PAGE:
The Persian cavalry is mysteriously absent from the battle scene, and once again ancient sources and modern historians reach no consensus. It may have been that Datis could not use them to good effect because of the sporadic trees which dotted the plain, or that he had in fact sent them (or was planning to send them) with other troops towards Athens, either in an attempt to take the city while the Greeks were at Marathon, or perhaps their very absence was to tempt the Greek army to engage in battle before the Spartans arrived.
Eventually, though, the infantry on both sides engaged in battle. Moving towards each other and perhaps with the Greeks running the final 400 metres whilst undoubtedly under fire from the Persian archers, the two armies clashed. A lengthy and bloody struggle ensued with eventually the centre of the Persians, perhaps predictably, pushing the weakened Greek centre back. However, both the right and left flank of the Greeks got the upper-hand of the Persians, driving them back. The lines were, therefore, broken and a confused melee was the result. The Persians, now routed on the left and right, fled back to their ships, but to reach them they had to cross a wide marshy area. In the confused retreat the Greek wings closed into the centre and attacked both the Persian centre and pursued the fleeing Persian flanks, inflicting heavy casualties. Fierce fighting continued around the Persian ships, and it was in this action that Kallimachos was killed. The Greeks captured seven ships of the enemy, but the rest of the fleet escaped with any Persians who had managed to climb aboard.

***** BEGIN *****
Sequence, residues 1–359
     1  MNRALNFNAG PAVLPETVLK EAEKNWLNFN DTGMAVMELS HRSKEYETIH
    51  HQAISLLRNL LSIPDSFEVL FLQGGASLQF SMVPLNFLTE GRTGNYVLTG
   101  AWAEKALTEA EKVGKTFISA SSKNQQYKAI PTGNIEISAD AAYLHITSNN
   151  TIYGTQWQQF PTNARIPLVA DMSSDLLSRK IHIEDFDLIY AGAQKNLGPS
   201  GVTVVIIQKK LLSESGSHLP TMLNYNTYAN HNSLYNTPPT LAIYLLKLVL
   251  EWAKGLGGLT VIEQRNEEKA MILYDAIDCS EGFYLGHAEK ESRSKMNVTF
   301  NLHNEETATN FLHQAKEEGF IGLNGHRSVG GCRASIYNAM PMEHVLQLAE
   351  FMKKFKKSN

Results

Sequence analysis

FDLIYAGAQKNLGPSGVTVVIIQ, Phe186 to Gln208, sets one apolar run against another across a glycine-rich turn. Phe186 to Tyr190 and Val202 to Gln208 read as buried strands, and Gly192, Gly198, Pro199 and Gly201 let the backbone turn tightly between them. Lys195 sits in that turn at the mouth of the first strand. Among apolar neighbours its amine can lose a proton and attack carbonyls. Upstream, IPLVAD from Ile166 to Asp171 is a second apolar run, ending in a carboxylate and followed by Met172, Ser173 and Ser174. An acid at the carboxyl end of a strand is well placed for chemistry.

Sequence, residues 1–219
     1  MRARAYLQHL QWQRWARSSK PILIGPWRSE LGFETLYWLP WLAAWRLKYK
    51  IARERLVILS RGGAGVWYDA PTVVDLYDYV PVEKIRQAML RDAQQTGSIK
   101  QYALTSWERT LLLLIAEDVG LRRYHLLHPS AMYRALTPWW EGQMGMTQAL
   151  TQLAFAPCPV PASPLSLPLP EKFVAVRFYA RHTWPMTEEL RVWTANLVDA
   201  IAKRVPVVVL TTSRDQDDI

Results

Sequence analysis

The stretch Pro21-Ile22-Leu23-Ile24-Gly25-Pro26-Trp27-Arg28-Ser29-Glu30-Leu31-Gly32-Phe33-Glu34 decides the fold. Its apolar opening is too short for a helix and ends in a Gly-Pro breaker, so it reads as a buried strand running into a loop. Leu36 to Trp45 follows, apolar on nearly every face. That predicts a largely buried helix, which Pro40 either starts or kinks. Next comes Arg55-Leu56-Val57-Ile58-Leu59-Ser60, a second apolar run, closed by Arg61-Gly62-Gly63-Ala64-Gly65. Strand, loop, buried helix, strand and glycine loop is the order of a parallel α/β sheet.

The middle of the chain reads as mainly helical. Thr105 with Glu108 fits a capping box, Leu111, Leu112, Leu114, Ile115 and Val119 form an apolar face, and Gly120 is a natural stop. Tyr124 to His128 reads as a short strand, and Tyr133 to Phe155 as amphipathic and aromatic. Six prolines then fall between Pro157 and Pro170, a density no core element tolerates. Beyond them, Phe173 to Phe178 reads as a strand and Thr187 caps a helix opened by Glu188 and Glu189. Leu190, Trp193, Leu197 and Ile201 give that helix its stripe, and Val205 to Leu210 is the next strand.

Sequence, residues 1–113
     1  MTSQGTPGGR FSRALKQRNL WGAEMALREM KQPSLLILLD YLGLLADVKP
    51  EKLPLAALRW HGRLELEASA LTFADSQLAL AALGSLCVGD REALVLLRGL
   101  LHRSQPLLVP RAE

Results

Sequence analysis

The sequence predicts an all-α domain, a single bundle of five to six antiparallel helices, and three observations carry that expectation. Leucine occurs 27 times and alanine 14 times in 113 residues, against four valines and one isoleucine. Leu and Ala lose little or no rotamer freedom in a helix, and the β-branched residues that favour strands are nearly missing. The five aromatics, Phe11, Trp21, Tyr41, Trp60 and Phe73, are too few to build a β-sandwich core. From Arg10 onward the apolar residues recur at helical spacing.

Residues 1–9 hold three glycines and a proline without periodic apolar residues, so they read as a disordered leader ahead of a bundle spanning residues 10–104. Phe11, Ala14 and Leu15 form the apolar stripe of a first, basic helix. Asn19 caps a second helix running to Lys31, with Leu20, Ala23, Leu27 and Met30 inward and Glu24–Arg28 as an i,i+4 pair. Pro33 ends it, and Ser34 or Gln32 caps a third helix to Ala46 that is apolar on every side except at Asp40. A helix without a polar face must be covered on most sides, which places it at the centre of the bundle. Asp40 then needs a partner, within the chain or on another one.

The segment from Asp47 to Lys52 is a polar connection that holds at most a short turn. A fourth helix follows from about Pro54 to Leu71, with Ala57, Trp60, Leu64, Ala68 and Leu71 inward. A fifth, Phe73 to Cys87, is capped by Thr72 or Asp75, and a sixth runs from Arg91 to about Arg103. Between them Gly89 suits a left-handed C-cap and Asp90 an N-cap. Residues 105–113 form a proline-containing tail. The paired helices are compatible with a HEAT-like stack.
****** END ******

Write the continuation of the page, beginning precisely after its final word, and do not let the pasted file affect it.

The Greeks had won a great victory. According to tradition 6,400 Persians were dead, for only 192 Greeks. The first figure is reasonably accurate but the latter is likely a great underestimate for propaganda purposes. The Persians were not finished though, as Datis now sailed for Cape Sounion in an attempt to attack Athens whilst the Greek army was away. The Greeks may have been alerted to this development by a traitor's shield signal from Mt. Pentelikos which was, perhaps unfairly, accredited to the Alkemeonidai clan. No doubt exhausted, the Greek army was, nevertheless, compelled to march back at the double to Athens to defend the city. Their arrival at night of the same day seems to have been enough to discourage the Persians anchored off Phaleron and the fleet withdrew back to Asia. At this point, 2,000 Spartans finally arrived but they were unnecessary for victory was complete.